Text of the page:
November 29, 2020
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Bangladesh High Court Upholds Death Sentence Of 139 Soldiers Involved In 2009 Mutiny

The court has also upheld life imprisonment of 146 soldiers convicted in the case.

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Bangladesh High Court Upholds Death Sentence Of 139 Soldiers Involved In 2009 Mutiny
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Bangladesh High Court Upholds Death Sentence Of 139 Soldiers Involved In 2009 Mutiny

The Bangladesh High Court today upheld the death sentence of 139 soldiers involved in a 2009 mutiny and their role in the massacre of 74 people, including 57 Army officers, in the country's biggest-ever criminal case. The court has also upheld the life imprisonment of 146 soldiers convicted in the case.

The judgement comes after the court started delivering the verdict yesterday in the death sentence of the total 152 convicted soldiers of the then Bangladesh Rifles (BDR) for the brutal killing at the border guards' headquarters here.

"One thirty nine will have to walk to gallows and 146 will be imprisoned for life," Attorney General Mahbubey Alam told a media briefing, quoting the over 1,000-page judgement delivered by a three-judge High Court bench.

"The rebels staged the mutiny so no military officer could serve in BDR, so they killed the innocent (army) officers systematically. This is unprecedented," Alam said.

A key lawyer on the defence side Aminul Islam, however, called the judgement "unexpected" and "defiance of justice" as it mostly upheld the lower court verdict "which had been delivered in most cases without any evidence".

"I will advice my cleanest (convicts) to file appeals before the (apex) Appellate Division of the Supreme Court to get justice," he said.

The judgement comes four years after a lower court in Dhaka handed down capital punishment to 152 and life term to 158 soldiers of the BDR.

The bench yesterday started reading out the entire judgement on the death sentence and appeal hearing of the trial of what is said to Bangladesh's biggest ever criminal case.

A Dhaka court had awarded death penalty to 152 jawans and non-commissioned officers of the BDR, which was renamed as the Border Guard Bangladesh (BGB), in November 2013.

The court had sentenced 158 to life imprisonment, 251 to imprisonments up to 10 years for the February 25-26, 2009 carnage, when 74 people, including 57 military officers serving in the BDR, were killed.

"It appears from discussions and reviews before and after the BDR mutiny that it was a conspiracy by a quarter with vested interest to hamper the stability of the state and socio-economic safety," said the bench in its observation part of the judgement.

The bench observed that it was "an attempt to destroy a trained and skilled professional force through conspiracy".

The BDR jawans had been accused of masterminding the mutiny plots, torturing and killing their officers, looting their belongings or keeping their family members captive during the rebellion.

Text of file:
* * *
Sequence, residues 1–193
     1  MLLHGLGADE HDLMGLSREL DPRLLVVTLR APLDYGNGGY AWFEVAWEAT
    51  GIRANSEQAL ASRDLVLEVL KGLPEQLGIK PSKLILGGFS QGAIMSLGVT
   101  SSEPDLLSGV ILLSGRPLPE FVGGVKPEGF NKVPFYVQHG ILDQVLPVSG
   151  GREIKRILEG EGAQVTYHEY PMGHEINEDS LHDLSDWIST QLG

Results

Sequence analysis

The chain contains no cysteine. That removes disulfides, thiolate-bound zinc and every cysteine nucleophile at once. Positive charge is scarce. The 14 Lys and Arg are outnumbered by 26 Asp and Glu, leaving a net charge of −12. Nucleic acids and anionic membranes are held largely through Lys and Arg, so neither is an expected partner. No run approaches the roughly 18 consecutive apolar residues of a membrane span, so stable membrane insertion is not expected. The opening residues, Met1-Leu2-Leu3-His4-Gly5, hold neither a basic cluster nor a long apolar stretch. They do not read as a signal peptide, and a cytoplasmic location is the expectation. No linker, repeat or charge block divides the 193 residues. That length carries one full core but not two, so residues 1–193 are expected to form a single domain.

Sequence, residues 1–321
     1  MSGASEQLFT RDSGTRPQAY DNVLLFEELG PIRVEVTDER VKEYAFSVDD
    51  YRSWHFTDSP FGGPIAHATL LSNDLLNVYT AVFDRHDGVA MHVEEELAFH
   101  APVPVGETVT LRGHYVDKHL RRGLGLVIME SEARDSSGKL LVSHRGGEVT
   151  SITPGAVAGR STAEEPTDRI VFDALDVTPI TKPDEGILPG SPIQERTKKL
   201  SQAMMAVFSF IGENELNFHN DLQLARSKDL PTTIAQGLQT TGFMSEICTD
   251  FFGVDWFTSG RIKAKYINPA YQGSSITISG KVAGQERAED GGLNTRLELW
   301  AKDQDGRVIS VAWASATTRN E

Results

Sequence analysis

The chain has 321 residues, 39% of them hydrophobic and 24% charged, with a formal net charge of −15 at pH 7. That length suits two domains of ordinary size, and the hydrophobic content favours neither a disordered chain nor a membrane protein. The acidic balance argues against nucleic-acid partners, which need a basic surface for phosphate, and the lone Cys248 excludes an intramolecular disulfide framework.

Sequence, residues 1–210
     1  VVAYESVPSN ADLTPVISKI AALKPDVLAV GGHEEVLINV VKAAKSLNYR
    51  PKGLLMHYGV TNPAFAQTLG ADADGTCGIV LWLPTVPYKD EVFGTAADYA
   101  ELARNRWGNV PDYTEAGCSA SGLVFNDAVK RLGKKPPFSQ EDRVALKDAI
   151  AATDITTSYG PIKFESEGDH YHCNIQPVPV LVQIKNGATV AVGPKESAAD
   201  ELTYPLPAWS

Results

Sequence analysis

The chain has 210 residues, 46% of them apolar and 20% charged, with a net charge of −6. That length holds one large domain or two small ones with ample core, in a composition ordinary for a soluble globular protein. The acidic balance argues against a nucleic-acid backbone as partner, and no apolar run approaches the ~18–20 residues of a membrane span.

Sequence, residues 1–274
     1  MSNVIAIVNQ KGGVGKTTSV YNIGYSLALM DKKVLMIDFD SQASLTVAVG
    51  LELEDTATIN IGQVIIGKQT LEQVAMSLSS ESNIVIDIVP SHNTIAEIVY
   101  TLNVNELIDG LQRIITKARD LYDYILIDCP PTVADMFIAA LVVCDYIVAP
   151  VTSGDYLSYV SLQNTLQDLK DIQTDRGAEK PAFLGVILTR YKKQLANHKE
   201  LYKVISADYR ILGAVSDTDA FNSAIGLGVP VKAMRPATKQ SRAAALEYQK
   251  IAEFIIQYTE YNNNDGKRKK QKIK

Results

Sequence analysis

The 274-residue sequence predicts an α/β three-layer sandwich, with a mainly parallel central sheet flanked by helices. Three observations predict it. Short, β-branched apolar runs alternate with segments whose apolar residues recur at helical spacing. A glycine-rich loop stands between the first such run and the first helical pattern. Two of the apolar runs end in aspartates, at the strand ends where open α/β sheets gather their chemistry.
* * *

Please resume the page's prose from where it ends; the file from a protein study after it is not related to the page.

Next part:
They had also killed eight civilians, eight fellow BDR soldiers who apparently were opposed to the revolt and an army soldier apart from the 57 military officers.

Legal experts had called it the country's biggest-ever criminal trial in which some 800 ex-paramilitary soldiers had been accused of the murder of 74 people during the revolt in February 2009.

Never before had so many accused, 850 in total, been tried in a single case in the history of Bangladesh.

The bench heard the death sentences and appeals for over a year during which BDR's former deputy assistant director Touhid Ahmed, a soldier-turned-officer, appeared as the key leader of the mutineers. He was also given the capital punishment.

Two civilians, who were awarded the life term, included former lawmaker of main opposition BNP Nasiruddin Ahmed Pintu and Awami League leader and ex-BDR soldier Torab Ali as they were found guilty of collaborating with the mutineers.

Pintu died few years ago.

Bangladesh had renamed the mutiny-stained force as BGB in 2012 under a massive revamp.

The rebel BDR soldiers had staged the mutiny, alleging "deprivation", at the force's Pilkhana headquarters here. It soon spread at the frontier force's sector headquarters and regional units across the country.

The soldiers turned their guns on their commanders, shot them from close range or hacked and tortured them to death.

They hid their bodies in sewers and hurriedly-dug graves and also held captive their frightened family members and humiliated them in barracks.

They had set the date for staging the revolt coinciding with the annual 'Darbar' or meeting of ordinary soldiers with the top brasses, while the then BDR chief Major General Shakil Ahmed was their first victim.

The casualties took place at Pilkhana alone during the mutiny when the rebel soldiers outside Dhaka defied the command, took charge of the armoury and came out of their barracks confining their commanders from military inside.

The rebels went on a killing spree during the 33-hour revolt at Pilkhana when they also murdered the then Dhaka sector chief Colonel Mojibul Haque and other army officers.

The mutiny was a challenge for the newly elected government of Prime Minister Sheikh Hasina.

Earlier in 2012, Bangladesh concluded another phase of trial of the rebellion with 11 paramilitary courts sentencing 6,011 rebel soldiers of 57 units to jail terms up to seven years under the relatively lenient BDR Act.

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